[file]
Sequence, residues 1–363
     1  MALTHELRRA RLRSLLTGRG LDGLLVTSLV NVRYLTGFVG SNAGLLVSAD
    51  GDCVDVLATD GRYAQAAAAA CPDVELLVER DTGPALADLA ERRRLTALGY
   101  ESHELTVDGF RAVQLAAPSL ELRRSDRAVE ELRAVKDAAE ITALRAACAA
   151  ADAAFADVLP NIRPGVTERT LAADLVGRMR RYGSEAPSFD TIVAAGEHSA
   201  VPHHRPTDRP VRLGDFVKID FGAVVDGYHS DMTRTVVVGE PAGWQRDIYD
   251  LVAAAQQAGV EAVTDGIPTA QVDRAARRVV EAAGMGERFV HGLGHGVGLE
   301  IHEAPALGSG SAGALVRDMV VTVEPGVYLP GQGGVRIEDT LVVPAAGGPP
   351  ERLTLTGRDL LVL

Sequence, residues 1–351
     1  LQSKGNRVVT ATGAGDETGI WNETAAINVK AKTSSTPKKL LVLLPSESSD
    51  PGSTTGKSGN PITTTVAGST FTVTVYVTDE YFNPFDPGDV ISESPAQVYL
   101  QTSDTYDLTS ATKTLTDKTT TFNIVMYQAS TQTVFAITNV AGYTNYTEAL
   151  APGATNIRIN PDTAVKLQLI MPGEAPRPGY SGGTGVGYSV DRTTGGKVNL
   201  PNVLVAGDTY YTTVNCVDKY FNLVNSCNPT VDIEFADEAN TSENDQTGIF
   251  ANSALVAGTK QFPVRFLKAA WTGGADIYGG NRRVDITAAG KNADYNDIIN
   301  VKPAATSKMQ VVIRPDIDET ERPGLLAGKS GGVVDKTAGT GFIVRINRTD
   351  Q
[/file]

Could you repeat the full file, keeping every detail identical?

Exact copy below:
Sequence, residues 1–363
     1  MALTHELRRA RLRSLLTGRG LDGLLVTSLV NVRYLTGFVG SNAGLLVSAD
    51  GDCVDVLATD GRYAQAAAAA CPDVELLVER DTGPALADLA ERRRLTALGY
   101  ESHELTVDGF RAVQLAAPSL ELRRSDRAVE ELRAVKDAAE ITALRAACAA
   151  ADAAFADVLP NIRPGVTERT LAADLVGRMR RYGSEAPSFD TIVAAGEHSA
   201  VPHHRPTDRP VRLGDFVKID FGAVVDGYHS DMTRTVVVGE PAGWQRDIYD
   251  LVAAAQQAGV EAVTDGIPTA QVDRAARRVV EAAGMGERFV HGLGHGVGLE
   301  IHEAPALGSG SAGALVRDMV VTVEPGVYLP GQGGVRIEDT LVVPAAGGPP
   351  ERLTLTGRDL LVL

Sequence, residues 1–351
     1  LQSKGNRVVT ATGAGDETGI WNETAAINVK AKTSSTPKKL LVLLPSESSD
    51  PGSTTGKSGN PITTTVAGST FTVTVYVTDE YFNPFDPGDV ISESPAQVYL
   101  QTSDTYDLTS ATKTLTDKTT TFNIVMYQAS TQTVFAITNV AGYTNYTEAL
   151  APGATNIRIN PDTAVKLQLI MPGEAPRPGY SGGTGVGYSV DRTTGGKVNL
   201  PNVLVAGDTY YTTVNCVDKY FNLVNSCNPT VDIEFADEAN TSENDQTGIF
   251  ANSALVAGTK QFPVRFLKAA WTGGADIYGG NRRVDITAAG KNADYNDIIN
   301  VKPAATSKMQ VVIRPDIDET ERPGLLAGKS GGVVDKTAGT GFIVRINRTD
   351  Q